Combining essays chronologically from the year 1721, and encompassing the work of Edmund Burke, Frederick Douglass, Thomas Paine, Mary McCarthy, Hannah Arendt, George Orwell, Mohandas Gandhi, Martin Luther King amongst others, this new collection of essays, edited by David Bromwich showcases the best of trenchant writing and perceptive observation on political ferment and dissent through three centuries.

In recent years, we have become familiar with a US president whose idea of political discourse was to fire off a Tweet with capital letters, knowing its sound-bite brevity would mean it would be picked up by major news organisations around the world. And to what end? At worst dangerous, at best, ephemeral as soap bubbles.

Bromwich, who is Sterling Professor of English at Yale, declares in his introduction that his objective is to present an anthology which "contains no example of the 'half-political, half-commercial genre of leadership writing,'  by which presumably he means writing that has a party political agenda.

So none of this writing is about shaping up for political candidacy, or setting out any kind of stall for personal or party gain. The collection is scrupulously intent on recalling essays which run on pure lines of argument that are millions of miles away from vacuous campaign promises and Twitter rants.

In his 1943 essay, Looking back on the Spanish War, Orwell recognises the awkward fact that between ‘white’ and what he terms ‘coloured’ workers 'there is not even lip-service to solidarity.'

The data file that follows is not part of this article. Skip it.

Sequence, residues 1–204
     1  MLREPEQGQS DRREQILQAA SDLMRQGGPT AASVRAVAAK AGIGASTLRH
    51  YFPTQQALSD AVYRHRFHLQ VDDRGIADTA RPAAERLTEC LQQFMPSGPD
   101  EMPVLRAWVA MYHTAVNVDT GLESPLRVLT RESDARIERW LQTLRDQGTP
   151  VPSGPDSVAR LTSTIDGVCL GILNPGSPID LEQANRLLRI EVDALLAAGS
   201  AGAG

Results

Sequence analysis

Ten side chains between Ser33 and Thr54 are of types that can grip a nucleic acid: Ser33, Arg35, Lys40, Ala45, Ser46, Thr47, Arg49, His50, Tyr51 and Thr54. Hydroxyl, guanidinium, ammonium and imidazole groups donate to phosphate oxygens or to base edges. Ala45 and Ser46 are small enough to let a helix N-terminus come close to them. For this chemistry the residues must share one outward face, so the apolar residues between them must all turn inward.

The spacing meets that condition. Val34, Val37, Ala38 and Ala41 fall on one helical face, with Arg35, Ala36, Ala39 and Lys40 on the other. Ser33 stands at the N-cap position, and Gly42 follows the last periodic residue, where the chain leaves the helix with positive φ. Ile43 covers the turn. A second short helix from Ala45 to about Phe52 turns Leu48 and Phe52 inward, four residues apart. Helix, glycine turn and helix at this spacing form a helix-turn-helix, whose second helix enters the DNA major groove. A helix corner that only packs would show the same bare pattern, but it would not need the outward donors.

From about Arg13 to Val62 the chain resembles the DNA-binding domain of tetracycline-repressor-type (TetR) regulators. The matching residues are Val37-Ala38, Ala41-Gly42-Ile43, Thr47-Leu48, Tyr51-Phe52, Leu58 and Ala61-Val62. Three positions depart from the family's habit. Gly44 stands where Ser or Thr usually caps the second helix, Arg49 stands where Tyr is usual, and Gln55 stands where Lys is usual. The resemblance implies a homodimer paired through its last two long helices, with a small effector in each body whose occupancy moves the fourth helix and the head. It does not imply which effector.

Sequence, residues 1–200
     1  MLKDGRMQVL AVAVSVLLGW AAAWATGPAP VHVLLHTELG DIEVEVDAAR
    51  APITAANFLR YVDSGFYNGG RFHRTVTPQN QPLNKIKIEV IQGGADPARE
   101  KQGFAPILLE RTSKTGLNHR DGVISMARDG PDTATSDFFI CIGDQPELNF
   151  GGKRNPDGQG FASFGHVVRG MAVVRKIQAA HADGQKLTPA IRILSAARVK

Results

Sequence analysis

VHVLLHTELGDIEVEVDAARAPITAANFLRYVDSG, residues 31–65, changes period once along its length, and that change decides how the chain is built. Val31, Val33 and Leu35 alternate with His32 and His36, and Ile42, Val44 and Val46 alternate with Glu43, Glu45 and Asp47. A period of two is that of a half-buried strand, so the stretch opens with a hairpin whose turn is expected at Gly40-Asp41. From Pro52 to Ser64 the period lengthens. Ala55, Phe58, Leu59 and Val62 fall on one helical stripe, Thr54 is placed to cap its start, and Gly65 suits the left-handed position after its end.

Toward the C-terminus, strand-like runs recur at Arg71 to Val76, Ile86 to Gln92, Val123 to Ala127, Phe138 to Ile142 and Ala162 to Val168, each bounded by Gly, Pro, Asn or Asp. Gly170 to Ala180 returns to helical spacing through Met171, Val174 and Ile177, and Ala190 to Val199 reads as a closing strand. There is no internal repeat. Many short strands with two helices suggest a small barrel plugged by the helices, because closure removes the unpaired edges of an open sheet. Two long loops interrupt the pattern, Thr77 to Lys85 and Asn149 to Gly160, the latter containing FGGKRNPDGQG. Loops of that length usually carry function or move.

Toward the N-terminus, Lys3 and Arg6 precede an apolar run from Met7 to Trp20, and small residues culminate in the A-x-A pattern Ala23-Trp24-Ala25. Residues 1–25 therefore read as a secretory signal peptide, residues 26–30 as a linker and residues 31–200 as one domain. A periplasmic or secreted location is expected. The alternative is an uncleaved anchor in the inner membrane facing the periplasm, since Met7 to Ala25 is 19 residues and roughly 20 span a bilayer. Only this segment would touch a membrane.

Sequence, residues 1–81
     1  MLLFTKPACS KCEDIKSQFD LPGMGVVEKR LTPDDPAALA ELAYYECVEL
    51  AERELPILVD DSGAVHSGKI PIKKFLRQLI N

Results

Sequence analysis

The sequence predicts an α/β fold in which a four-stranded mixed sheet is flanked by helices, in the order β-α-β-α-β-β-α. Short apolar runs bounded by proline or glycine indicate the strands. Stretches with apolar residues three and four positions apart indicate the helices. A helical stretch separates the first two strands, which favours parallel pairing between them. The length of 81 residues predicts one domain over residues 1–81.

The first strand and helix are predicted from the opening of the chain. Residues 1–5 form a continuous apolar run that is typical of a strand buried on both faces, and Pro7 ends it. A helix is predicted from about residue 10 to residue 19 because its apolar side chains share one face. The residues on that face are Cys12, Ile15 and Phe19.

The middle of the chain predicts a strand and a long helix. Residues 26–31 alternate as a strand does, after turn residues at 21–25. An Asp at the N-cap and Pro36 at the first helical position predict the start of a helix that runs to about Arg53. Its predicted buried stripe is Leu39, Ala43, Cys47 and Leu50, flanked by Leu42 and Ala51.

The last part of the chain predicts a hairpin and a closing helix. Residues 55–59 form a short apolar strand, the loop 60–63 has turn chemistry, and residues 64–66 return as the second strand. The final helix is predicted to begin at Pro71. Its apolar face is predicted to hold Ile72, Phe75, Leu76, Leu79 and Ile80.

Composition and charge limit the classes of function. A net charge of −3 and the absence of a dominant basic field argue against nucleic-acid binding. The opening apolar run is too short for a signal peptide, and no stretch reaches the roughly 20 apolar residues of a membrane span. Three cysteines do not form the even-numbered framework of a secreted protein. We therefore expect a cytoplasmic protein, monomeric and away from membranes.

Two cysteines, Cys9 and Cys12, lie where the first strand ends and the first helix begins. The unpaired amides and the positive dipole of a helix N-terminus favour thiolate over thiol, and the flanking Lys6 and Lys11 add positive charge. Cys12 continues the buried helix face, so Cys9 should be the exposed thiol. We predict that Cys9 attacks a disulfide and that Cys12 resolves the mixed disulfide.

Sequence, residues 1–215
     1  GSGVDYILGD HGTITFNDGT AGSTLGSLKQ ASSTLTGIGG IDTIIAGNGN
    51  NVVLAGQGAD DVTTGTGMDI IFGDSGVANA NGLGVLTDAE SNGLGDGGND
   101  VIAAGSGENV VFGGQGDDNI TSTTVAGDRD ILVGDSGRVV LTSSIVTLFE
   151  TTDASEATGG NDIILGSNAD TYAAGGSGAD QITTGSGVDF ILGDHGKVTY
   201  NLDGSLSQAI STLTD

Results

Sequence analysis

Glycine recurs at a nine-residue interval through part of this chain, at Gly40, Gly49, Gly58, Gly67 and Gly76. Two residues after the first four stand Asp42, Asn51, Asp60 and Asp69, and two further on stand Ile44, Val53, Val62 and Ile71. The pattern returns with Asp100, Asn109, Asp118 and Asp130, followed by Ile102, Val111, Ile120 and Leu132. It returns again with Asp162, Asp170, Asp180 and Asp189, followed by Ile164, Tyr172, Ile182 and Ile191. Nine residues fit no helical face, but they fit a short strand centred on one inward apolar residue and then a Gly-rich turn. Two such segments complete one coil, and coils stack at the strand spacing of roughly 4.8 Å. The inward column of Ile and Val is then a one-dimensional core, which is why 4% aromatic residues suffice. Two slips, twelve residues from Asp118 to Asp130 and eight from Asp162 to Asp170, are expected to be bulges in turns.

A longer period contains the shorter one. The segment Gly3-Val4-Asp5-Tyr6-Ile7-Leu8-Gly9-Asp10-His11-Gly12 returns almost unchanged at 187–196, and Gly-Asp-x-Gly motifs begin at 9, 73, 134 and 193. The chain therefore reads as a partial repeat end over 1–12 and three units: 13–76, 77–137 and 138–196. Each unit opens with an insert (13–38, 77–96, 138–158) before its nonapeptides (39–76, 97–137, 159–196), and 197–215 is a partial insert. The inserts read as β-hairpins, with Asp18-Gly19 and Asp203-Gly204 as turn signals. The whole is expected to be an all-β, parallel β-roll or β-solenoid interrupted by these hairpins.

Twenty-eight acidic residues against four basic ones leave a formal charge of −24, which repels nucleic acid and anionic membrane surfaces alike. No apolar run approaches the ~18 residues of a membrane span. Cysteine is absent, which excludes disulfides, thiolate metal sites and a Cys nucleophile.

The revered essayist and Spanish Civil War veteran George Orwell as he features in a mural in Southwold in Sussex

He continues: `Who can believe in the class-conscious international proletariat after the events of the past ten years? To the British working class the massacre of their comrades in Vienna, Berlin, Madrid, or wherever it might be, seemed less interesting and less important than yesterday’s football match.’  

However, the great contrarian is convinced that the working class ‘will go on struggling against fascism after the others have caved in.’ He notes how the intelligentsia are the people 'who squeal loudest against Fascism, and yet a respectable proportion of them collapse into defeatism when the pinch comes.’

Martin Luther King in his Letter from Birmingham City Jail (1963) voices his early disappointment that fellow clergymen viewed him as an extremist in the matter of civil rights for black people. He sees himself standing between two opposing forces in ‘the Negro community’, as he terms it. ‘

One, he writes, is a ‘force of complacency’ bound up with a lack of self-respect due to oppression, which leads to a gradual adjustment to segregation, manifested by the phenomenon of middle-class black people who, he observes, 'have become insensitive to the problems of the masses.'

The other force of which he writes is ‘one of bitterness and hatred, and it comes perilously close to advocating violence (he signals in particular Elijah Muhammad’s  Muslim movement.)

The son, grandson and great-grandson of preachers admits that he has shed tears over the ‘laxity’ of the church. `But be assured that my tears have been tears of love. There can be no deep disappointment where there is not deep love. Yes, I love the church. How could I do otherwise?'